Ray Scott, who played for the Pistons from 1961-67 and coached the Pistons from 1972-76, recalled Lanier as being “highly-skilled, intelligent and very, very directed in what he wanted out of basketball.” Winning became a priority for Lanier and led to his split with the Pistons, but he was beloved in Detroit and his adaptability on the floor pushed Scott to make him the focal point of the offense. Lanier excelled during an era of dominant big men. He sparred against Kareem Abdul-Jabbar, Nate Thurmond, Dave Cowens and Willis Reed, among others, and won his fair share.
Scott recalled Detroit’s seven-game series loss against the Chicago Bulls in 1974, during which Lanier averaged 26.3 points, 15.3 rebounds and three assists.
“A lot of people don’t remember that but he made us one of the top defensive teams in the league,” Scott said. “I’ll never forget that series with the Chicago Bulls. Bob was a Spartan. He did everything that we could possibly get him to do. He, in my opinion at that time, showed that he was one of the greatest in the league because he was competing against Thurmond and Cowens and Reed. He was doing an excellent, excellent job. He would take on the challenge of what we had to go through in the NBA. He would take on that challenge and lead us in many categories. But he was definitely a superstar.
“He was as good a big man as I’ve ever seen, and I grew up with Wilt Chamberlain.”
One one occasion, Lanier’s competitive spirit nearly burned his relationship with the Pistons. On Nov. 1, 1983, Lanier got tied up with Pistons great Bill Laimbeer and delivered a punch that broke Laimbeer’s nose. Lanier eventually expressed regret, and the two men made up. The Pistons would hang Lanier’s jersey in the rafters a decade later in 1993, nearly a decade after the Bucks did so in 1984.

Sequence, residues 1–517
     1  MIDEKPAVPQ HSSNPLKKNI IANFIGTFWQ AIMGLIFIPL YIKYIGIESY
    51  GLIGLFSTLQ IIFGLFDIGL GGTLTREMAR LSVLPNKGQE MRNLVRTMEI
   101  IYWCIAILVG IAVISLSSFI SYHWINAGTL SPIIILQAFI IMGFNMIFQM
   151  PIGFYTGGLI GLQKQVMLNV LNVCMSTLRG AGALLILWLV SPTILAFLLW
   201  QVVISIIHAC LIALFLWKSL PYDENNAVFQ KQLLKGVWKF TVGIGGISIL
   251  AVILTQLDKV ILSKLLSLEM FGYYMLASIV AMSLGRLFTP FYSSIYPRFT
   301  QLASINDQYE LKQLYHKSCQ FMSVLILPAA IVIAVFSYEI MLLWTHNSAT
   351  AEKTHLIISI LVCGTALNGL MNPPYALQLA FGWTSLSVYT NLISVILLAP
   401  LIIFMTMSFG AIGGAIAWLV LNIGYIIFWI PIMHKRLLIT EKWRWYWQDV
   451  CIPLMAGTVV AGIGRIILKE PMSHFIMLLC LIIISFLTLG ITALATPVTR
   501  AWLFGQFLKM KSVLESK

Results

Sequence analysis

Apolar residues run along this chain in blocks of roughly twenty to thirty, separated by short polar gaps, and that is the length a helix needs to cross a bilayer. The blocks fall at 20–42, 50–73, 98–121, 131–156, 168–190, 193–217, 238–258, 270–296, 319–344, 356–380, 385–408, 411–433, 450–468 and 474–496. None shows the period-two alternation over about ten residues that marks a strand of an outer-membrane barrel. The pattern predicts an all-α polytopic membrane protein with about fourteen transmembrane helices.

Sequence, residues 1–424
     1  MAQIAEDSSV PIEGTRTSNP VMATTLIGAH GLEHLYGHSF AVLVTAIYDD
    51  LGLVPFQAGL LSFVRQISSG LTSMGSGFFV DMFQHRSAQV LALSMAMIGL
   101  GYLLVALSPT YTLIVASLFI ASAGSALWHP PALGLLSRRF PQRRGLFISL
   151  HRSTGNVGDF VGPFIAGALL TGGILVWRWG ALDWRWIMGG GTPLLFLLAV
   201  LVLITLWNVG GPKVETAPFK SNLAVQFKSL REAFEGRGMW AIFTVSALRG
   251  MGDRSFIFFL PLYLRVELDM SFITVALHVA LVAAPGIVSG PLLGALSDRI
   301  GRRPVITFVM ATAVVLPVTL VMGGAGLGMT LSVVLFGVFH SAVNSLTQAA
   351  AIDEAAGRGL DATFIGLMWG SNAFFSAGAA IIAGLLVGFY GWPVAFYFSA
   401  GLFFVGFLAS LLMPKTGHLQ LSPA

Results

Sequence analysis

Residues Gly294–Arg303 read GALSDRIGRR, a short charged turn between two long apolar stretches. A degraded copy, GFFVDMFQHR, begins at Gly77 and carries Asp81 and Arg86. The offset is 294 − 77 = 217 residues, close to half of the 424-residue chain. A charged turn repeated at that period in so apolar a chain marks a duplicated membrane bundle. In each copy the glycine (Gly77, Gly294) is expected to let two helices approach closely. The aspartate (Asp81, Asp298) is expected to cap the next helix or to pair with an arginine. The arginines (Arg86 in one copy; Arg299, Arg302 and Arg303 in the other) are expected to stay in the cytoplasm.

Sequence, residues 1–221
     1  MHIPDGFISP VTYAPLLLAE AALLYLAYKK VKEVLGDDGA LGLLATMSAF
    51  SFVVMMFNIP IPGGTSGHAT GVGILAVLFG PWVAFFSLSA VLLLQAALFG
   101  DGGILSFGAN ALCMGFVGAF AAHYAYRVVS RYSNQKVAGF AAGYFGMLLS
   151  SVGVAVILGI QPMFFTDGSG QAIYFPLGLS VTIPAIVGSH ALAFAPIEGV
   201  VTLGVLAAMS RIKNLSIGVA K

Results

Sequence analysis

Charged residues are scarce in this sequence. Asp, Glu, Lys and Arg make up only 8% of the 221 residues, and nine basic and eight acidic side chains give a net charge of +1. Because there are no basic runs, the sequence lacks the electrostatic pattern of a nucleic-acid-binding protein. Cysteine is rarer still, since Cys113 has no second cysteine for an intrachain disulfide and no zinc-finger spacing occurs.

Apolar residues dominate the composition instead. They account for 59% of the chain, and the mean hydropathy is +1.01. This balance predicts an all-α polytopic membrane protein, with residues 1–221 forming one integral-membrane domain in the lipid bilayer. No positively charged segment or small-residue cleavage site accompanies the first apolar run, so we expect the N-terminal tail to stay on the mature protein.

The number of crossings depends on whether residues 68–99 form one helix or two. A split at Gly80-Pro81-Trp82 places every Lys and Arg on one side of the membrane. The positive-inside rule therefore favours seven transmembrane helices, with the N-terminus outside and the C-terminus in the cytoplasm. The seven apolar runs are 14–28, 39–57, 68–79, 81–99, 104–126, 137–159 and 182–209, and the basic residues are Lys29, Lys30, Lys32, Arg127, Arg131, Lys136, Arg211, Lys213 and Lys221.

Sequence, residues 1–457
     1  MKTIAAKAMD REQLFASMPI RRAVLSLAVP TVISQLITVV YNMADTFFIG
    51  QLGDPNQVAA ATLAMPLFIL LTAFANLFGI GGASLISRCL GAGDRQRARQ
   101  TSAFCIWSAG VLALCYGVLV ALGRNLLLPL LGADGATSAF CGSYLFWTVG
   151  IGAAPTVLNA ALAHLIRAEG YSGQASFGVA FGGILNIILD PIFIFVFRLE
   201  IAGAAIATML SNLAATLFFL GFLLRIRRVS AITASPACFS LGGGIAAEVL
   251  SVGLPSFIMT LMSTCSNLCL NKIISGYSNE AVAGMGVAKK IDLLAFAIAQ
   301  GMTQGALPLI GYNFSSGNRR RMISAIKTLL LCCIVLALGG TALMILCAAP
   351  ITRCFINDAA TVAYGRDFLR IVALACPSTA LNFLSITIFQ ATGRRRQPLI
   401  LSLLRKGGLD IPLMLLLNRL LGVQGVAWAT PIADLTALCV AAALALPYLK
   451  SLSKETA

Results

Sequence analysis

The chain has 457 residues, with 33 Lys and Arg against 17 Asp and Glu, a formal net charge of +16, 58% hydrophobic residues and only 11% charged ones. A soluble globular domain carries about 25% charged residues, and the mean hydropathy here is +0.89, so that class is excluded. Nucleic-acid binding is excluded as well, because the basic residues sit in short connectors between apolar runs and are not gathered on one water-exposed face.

“On the court, nobody wanted to mess with him,” George Blaha, the Pistons’ play-by-play voice since 1976, told the Free Press. “He was a really fierce competitor, and if you played him fair and square, you’d never have a problem. But if you didn’t, look out. I felt like the best thing about Bob on the court was his basketball IQ and his amazing touch. He could step out and shoot the jumper. His hook shot was phenomenal. And he was great around the rim. You’ll notice his name among the top Pistons shot-blockers, not because he jumped out of the gym, because of his size and his basketball savvy. I thought what he did for the Pistons franchise was really immeasurable, and he became almost a world-famous player and when that happens, that puts the Pistons on the map as well.
“It was just always great to be with him. A sensitive guy, kind-hearted guy and if he was your friend, he was your friend.”
Lanier’s work in the NBPA lives on, as the establishment of the CBA in 1983 is a watermark moment. Beyond the salary cap, the CBA also introduced regular drug testing for players, which helped the association’s image during an era when several players struggled with cocaine addiction.
Thomas followed in Lanier’s footsteps, becoming NBPA president from 1988 until he neared his retirement in 1994. After Lanier’s career ended, he helped start the NBA’s Stay in School program and worked closely with Stern, who is oft-credited with leading the league to prominence in the 1980s and 1990s.
Perhaps Lanier deserves credit for the NBA’s rise as well.
“Bob never had to work anywhere else,” Bing said. “He came out of college, went straight to the NBA, and from after his career, went straight to the league. For the majority of his adult life, it was all NBA. He loved the NBA and it allowed him some freedom and some flexibility to go all over the place. I don’t care where he went. I’ll tell you, he left a major, positive impression for himself but also for the league.”
“He will be missed, and just as influential and powerful as David Stern was,” Thomas added. “He was just as influential and powerful. And too many times, the media has only given the league office all of the glory. We as former presidents and union heads, we like to remind you that it was a two-way street, not just a one-way street, and Bob definitely was on the two-way street.”